Melanoma genetics: recent findings take us beyond well-traveled pathways

J Invest Dermatol. 2012 Jul;132(7):1763-74. doi: 10.1038/jid.2012.75. Epub 2012 Apr 5.


Genetic linkage and candidate gene studies have identified a number of genes involved in melanoma susceptibility, such as MC1R and CDKN2A, via the endophenotypes of pigmentation and nevus proliferation. A series of genome-wide association studies (GWASs) in 2008 and 2009 showed that a handful of additional genes (e.g., ASIP, TYR, and PLA2G6) influencing these endophenotypes also affected melanoma risk. The most recent wave of melanoma GWASs has uncovered genes functioning independently of the known melanoma-associated phenotypes, highlighting the role of processes such as DNA repair and cell cycle control. We take this opportunity to summarize these new and exciting findings and integrate them into the current framework of our understanding of melanoma genetics.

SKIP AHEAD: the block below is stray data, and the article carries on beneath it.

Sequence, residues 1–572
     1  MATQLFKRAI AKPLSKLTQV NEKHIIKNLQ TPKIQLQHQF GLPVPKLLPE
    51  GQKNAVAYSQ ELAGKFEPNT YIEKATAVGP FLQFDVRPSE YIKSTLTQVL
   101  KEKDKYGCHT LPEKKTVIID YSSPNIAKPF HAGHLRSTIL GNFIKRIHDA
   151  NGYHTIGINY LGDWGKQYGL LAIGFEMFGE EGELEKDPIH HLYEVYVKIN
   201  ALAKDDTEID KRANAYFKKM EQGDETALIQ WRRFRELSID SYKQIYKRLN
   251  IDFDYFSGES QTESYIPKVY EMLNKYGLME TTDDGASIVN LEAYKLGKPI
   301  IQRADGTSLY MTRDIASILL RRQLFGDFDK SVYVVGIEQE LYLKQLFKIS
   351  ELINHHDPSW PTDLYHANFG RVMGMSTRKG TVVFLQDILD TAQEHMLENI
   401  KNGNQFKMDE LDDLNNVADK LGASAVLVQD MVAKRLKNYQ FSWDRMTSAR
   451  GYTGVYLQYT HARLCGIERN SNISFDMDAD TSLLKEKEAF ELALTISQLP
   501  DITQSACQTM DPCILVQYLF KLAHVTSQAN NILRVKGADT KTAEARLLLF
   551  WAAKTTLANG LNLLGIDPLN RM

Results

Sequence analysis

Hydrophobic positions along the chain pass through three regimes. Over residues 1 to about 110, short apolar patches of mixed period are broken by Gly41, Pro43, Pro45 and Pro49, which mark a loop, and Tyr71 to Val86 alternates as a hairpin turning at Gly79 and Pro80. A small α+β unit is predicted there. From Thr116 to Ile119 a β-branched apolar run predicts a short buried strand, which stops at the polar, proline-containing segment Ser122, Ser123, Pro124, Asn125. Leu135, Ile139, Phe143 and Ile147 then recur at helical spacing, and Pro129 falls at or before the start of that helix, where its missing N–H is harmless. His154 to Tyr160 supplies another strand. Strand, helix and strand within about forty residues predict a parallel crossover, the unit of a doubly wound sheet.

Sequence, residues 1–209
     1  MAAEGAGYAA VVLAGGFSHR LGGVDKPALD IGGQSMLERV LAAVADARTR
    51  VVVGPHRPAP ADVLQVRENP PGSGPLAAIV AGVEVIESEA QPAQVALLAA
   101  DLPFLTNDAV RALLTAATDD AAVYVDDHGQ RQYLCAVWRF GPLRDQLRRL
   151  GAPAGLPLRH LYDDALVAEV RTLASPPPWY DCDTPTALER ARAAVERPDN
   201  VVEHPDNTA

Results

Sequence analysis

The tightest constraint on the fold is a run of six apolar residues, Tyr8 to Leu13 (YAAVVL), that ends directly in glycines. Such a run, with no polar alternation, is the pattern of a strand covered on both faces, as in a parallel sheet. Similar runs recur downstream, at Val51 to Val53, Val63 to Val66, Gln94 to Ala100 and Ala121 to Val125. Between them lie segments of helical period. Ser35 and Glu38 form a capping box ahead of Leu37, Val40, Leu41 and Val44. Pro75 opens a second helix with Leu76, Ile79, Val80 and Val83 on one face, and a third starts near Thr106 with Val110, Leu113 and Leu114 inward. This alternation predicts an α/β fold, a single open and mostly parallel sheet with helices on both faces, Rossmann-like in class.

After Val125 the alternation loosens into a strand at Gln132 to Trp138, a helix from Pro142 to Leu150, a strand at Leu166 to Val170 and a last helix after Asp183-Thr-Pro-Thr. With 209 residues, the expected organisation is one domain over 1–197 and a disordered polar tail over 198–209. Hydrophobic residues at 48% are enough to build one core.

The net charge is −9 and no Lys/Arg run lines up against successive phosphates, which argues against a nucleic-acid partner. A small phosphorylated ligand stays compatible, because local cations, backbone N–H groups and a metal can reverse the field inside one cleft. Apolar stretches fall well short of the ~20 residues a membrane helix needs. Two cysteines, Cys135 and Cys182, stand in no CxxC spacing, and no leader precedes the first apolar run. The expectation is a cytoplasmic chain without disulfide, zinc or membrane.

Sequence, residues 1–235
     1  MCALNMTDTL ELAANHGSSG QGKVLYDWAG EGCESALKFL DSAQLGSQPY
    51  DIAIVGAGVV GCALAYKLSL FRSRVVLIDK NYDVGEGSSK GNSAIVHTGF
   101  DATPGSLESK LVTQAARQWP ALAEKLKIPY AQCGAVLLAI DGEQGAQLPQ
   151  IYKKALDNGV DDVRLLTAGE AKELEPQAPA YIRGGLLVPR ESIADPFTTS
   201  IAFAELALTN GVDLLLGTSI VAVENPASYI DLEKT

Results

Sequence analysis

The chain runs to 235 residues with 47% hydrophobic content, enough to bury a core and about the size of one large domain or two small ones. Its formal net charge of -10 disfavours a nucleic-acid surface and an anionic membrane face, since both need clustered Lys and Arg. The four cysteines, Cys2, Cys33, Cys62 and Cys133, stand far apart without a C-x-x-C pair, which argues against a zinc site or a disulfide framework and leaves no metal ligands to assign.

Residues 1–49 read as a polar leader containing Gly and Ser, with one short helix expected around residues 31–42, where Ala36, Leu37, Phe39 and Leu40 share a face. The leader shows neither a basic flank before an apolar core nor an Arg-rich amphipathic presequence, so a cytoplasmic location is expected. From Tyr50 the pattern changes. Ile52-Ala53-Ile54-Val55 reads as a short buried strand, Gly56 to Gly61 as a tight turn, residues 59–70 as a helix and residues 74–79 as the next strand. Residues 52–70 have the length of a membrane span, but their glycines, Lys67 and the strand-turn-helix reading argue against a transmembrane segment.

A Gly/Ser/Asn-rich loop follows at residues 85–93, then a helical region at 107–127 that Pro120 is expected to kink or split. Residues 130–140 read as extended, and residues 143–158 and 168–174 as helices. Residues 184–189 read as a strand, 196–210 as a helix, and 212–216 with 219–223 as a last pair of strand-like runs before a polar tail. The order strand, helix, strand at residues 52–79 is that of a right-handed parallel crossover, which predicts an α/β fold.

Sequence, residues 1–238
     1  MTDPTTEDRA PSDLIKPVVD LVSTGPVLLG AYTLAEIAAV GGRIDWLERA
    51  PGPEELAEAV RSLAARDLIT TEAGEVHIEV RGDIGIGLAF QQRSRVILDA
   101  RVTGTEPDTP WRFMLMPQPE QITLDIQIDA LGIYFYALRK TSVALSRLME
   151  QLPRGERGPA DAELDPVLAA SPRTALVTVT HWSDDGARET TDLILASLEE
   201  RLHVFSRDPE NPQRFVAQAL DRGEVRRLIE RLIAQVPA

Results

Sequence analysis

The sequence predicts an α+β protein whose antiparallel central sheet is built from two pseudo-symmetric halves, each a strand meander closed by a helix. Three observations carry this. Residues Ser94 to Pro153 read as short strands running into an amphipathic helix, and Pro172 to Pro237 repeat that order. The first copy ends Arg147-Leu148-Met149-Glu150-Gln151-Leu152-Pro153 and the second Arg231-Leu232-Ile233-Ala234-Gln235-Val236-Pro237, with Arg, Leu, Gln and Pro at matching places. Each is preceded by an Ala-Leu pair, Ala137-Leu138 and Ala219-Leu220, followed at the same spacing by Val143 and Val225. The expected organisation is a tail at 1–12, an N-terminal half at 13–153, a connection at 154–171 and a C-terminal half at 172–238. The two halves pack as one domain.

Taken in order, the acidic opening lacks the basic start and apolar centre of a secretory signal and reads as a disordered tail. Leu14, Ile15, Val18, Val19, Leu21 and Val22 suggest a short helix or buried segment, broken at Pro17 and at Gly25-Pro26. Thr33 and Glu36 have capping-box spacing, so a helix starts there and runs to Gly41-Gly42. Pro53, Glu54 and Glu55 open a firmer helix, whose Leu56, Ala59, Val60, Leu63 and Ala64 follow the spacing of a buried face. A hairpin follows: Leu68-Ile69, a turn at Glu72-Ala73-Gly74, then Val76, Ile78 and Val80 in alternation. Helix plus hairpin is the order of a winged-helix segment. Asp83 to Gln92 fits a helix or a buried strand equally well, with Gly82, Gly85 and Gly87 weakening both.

Publication types

  • Research Support, Non-U.S. Gov't
  • Review

MeSH terms

  • Cell Proliferation
  • DNA Repair
  • Genes, p16 / physiology
  • Genome-Wide Association Study
  • Group VI Phospholipases A2 / genetics
  • Humans
  • Melanoma / etiology
  • Melanoma / genetics*
  • Nevus / pathology
  • Phenotype
  • Pigmentation


  • Group VI Phospholipases A2
  • PLA2G6 protein, human